It's been a while since I revisited my own personal portfolio and keeping tabs on my training schedule this past summer and into fall race season... sorry! If you are ever wondering what I am up to, I am fairly active on Strava logging in my runs or other cardio related cross-training.
WHAT I'VE BEEN UP TO
Ever since my last post, I participated in quite a few races which I will eventually elaborate more in detail on separate individual posts and will be hyperlinked in the following lists:
I also joined my local Lululemon chapter for their group runs Tuesday nights and Saturday mornings on a weekly basis from April to October. You can find them numerous ways on social media and Strava here:
In terms of weekly running mileage, I managed to hold myself accountable for up to weekly 65km per week give or take. What worked for me this year was having the mindset that it is okay to be unstructured despite work commitments and hanging out with my social circle from time to time. For example, I will make an honest attempt to at least squeeze in a long run of more than 21km and juggling between some tempo runs and easy runs. This is important to me especially knowing that some days you have it in you to do the extra, while some days when you're planning for a hard workout and you're just mentally shut down for the day after long hours at work.
Summer's been hot and humid most of the time. I vividly remember doing long runs with a hydration waist belt or in some cases having to divert the planned route to parkettes where there are those kiddy splash pads to temporarily cool down - only to be dying in the heat again with my singlets and shorts all dried up from the heat.
The best part of all races (after putting an honest attempt to train) is the runner's high the remainder of the day after crossing the finish line. Although I am proud of the six races and the PBs acquired since June, there are select races that really stood out more so than others. The first one is the Bang & Olufsen Yorkville Run 5K and the second one is the Chicago Marathon.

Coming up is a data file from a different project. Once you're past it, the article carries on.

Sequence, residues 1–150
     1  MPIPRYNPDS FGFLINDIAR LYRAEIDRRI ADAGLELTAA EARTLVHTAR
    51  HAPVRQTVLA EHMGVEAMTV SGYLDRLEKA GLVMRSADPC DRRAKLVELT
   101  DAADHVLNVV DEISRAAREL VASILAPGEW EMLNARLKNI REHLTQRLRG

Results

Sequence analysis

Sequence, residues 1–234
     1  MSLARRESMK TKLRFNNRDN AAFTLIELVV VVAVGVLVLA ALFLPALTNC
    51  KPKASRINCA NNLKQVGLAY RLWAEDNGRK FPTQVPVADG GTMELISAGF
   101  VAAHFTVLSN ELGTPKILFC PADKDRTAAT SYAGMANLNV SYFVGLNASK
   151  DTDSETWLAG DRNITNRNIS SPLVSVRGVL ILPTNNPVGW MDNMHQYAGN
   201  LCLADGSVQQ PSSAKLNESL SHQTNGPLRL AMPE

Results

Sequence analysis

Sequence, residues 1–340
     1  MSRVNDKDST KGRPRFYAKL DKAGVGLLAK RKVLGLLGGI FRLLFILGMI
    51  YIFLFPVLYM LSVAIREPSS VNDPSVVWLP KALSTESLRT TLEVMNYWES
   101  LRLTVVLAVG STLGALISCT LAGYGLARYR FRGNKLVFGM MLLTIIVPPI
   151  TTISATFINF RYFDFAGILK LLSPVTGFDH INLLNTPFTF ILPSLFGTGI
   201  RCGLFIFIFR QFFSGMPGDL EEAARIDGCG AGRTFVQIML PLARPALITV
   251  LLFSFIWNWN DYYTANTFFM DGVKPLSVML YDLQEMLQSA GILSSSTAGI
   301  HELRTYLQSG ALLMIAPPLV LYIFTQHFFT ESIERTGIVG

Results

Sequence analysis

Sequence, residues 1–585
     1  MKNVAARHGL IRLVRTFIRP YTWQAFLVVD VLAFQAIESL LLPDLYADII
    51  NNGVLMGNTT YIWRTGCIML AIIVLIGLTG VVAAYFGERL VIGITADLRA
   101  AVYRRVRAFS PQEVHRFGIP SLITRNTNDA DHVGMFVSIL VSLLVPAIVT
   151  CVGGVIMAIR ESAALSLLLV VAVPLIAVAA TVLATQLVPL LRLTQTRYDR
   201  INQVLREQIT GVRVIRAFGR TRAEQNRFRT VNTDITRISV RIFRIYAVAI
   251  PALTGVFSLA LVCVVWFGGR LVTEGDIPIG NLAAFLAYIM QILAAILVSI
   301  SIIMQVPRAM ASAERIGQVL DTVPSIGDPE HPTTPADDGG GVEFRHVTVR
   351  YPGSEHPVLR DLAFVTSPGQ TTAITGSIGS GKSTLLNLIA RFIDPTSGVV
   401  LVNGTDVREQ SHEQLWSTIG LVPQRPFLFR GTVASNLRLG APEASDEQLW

Did you know? Up until this past September's race, I have never officially ran a 5K race before. Of course, I fell into typical stereotypes of that it is "simply" just a 5K. What actually transpired was the realization that I actually need more track workouts and manage my short spurts of speed and pace changes. I see myself that if I can make it work, then hopefully that converts to incremental seconds to minutes shed off for future marathon times.
Chicago was my first ever travel-race. I recall being ecstatic being selected through lottery around this time last year. I also had just as much jitters thinking of the travel planning and coordinating the finer details since this was a solo excursion and I rarely travel out of province / country anyways. But now that I ran the race and have time to reflect upon it, I guess it all worked out just fine! I was pretty fortunate to come across our weekly run leader in Chicago so I didn't feel all too foreign. The course was as flat as it can be as described by fellow runners and bloggers on the internet. Race day conditions was as stormy and windy as it can be - true to the Windy City claim. More on that later, but the grand prize overall is my first ever BQ attainment. As much of a reserved person that I am, my raw emotions were on full display upon moment of reckoning that Boston is truly within reach.
That's it for now, but my running journey doesn't end here as I resume regular running back in the uptown!
See you on my run - Mike
Hamilton Road2Hope Marathon
The weather for race day was certainly not the most ideal with intermittent rainfall and cold winds. However, I was able to manage my overall pace from start to finish as well as even distributing my energy gel pack intake.
Takeaways from this race: maintain a comfortable yet manageable pace / energy gels or chews are your best friend (the more the better... without upsetting your stomach that is) / study the route map and elevation (if you run with music, see how long your playlist is and sequence it in a sense where the most pumped up beats occur when you need it the most)
I especially find this YouTube video embedded from the Hamilton Road2Hope Marathon website quite useful as I could envision the time and pace of where I want to be at, at a certain given time during the race.
I look forward to tackle this course again in the near future and use this as my benchmark for potential BQ times.
I'm still smiling ear to ear knowing that a carved out a 19 minute advantage over my last best marathon!